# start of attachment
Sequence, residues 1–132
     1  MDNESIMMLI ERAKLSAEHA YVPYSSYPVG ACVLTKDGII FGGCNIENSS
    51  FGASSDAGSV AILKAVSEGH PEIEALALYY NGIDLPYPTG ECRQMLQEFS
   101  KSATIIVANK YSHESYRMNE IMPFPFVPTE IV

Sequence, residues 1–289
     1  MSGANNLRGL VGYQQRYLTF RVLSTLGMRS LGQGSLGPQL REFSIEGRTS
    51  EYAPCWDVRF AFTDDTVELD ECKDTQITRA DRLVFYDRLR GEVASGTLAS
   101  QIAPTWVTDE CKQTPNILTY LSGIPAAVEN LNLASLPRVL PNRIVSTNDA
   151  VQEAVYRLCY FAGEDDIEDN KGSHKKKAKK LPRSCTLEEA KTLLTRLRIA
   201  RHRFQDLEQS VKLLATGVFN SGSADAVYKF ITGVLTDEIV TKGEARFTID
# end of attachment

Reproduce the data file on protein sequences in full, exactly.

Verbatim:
Sequence, residues 1–132
     1  MDNESIMMLI ERAKLSAEHA YVPYSSYPVG ACVLTKDGII FGGCNIENSS
    51  FGASSDAGSV AILKAVSEGH PEIEALALYY NGIDLPYPTG ECRQMLQEFS
   101  KSATIIVANK YSHESYRMNE IMPFPFVPTE IV

Sequence, residues 1–289
     1  MSGANNLRGL VGYQQRYLTF RVLSTLGMRS LGQGSLGPQL REFSIEGRTS
    51  EYAPCWDVRF AFTDDTVELD ECKDTQITRA DRLVFYDRLR GEVASGTLAS
   101  QIAPTWVTDE CKQTPNILTY LSGIPAAVEN LNLASLPRVL PNRIVSTNDA
   151  VQEAVYRLCY FAGEDDIEDN KGSHKKKAKK LPRSCTLEEA KTLLTRLRIA
   201  RHRFQDLEQS VKLLATGVFN SGSADAVYKF ITGVLTDEIV TKGEARFTID